McCaffrey's touchdown catch was his fifth this season but only his second from Elway. The other scoring throws were slung by backup Bubby Brister, who completed 43 of 71 passes for 561 yards and eight touchdowns subbing for the hamstrung, sore-backed Elway earlier this season. Brister, who sports a gaudy 111.3 quarterback rating, also kept things light in the huddle during his appearances, periodically drawling, "All right, m——, I'm not John, so get your asses in gear."
So smoothly is Denver's offense running that tight end Shannon Sharpe aptly likens it to a Ferrari. During a 41-16 win over the the Philadelphia Eagles on Oct. 4, Smith says, the Broncos used 13 formations in their first 15 plays: "We know it gets in their heads, because it gets in our heads during practice. That's when we have our problems." Executed to perfection, Shanahan's offensive system is a defensive coordinator's daymare. Brister's success at the wheel of the Ferrari suggests that the Mastermind's system is as important as or more important than its parts.
Ask Alex Gibbs. (If he answers, would you mind telling us what he says? Like most of his mesomorphic pupils, the Broncos' superb offensive line coach doesn't speak to the press.) The single biggest threat to a Denver Super Bowl repeat was the off-season upheaval on the offensive line. Pro Bowl left tackle Gary Zimmerman retired; right guard Brian Habib signed with the Seattle Seahawks as a free agent; and David Diaz-Infante, slated to replace Habib, tore the ACL in his right knee on Aug. 19 and didn't return until Sunday, albeit in a backup role.
We imagine Gibbs, who has a master's in European history from North Carolina, staring down these obstacles and exclaiming, "Nuts!" Former right tackle Tony Jones shifted to left tackle; 33-year-old Harry Swayne, benched two years ago by the San Diego Chargers, stepped in at right tackle. Second-year guard Dan Neil, whose name became synonymous with inactive last season, when he played sparingly in three games, replaced Diaz-Infante. The other guard remained Mark Schlereth, who spent the Broncos' recent bye week recovering from arthroscopic surgery on his left knee. It was the King of Pain's 22nd operation—his 12th on that joint.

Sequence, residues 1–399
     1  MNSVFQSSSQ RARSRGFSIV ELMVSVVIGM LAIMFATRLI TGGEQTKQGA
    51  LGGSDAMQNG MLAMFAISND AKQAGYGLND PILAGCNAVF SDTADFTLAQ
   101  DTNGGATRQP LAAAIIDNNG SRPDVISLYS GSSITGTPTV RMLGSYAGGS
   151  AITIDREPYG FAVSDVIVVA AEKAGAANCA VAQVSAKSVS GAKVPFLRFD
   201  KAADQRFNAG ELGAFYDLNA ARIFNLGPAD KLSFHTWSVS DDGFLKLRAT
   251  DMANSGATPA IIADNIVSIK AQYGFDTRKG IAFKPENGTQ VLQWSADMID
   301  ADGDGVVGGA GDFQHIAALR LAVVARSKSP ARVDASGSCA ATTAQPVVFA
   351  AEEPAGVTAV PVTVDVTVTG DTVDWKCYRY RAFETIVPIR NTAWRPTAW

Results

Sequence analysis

From this chaos Gibbs has salvaged order. In Gibbs's scheme, Davis picks his own hole. "It's a zone-man system," says Diaz-Infante. "We believe in giving the back a two-way go. Never decide for the back, just stay on your man, stay square and let the back cut off you."
"It's almost like a nonverbal communication Davis has with [his linemen]," says Jaguars defensive tackle John Jurkovic, who describes a kind of Mile High entropy that afflicts visiting defenses. (Jurko was on the sideline with a broken leg when number 30 gashed the Jaguars for 184 yards, and the Broncos ran for 310 in Denver's 42-17 wild-card playoff victory last season.) "Guys try to do too much, things get a little helter-skelter," he says. "Davis is a great cutback runner. If you flow to the ball too quickly, if you leave your area, the next thing you know, you've got a gaper."
Though he's now running behind a less-talented, less-experienced line, Davis is seeing more gapers this year than last. What's more, Denver quarterbacks have been sacked a league-tying-low eight times. That's less surprising. Quarterbacks with the five NFL teams that Gibbs has coached have rejoiced, because sacks have come way down. "It doesn't matter to me whether it's the right tackle, the fullback or the tight end; somebody's ass is going to be accountable for [not keeping the quarterback] well," Gibbs told the Colorado Springs Gazette Telegraph in 1995—the last time, as far as we know, that he sat for an interview. "I will not allow those people to shirk their jobs."
"He's totally different from any coach I've ever had," says Diaz-Infante, who talked last week because the Orange Hush has been urged to designate a spokesman each week. "In meetings he calls us up to the board and quizzes us. He connects you to the system, to the guy next to you. He wants you to be more involved than in just your little world. He wants us to know why we do things."
In that case Diaz-Infante and the other Orange Hush members must have been wondering, What the hell was going on in the final minute of the first half? On a fourth-and-three at the Jacksonville 40, the Broncos' punt team stood idly by while the clock ticked down to four seconds. The Broncos were flagged for delay of game.
Why get penalized and then send out the field goal unit? Why not try a 58-yarder? Because, Shanahan explained afterward, if Elam had missed the field goal attempt, Jacksonville would have had the ball near midfield with three timeouts. As the penalty was being stepped off, the Mastermind asked his kicker, "Can you make it?"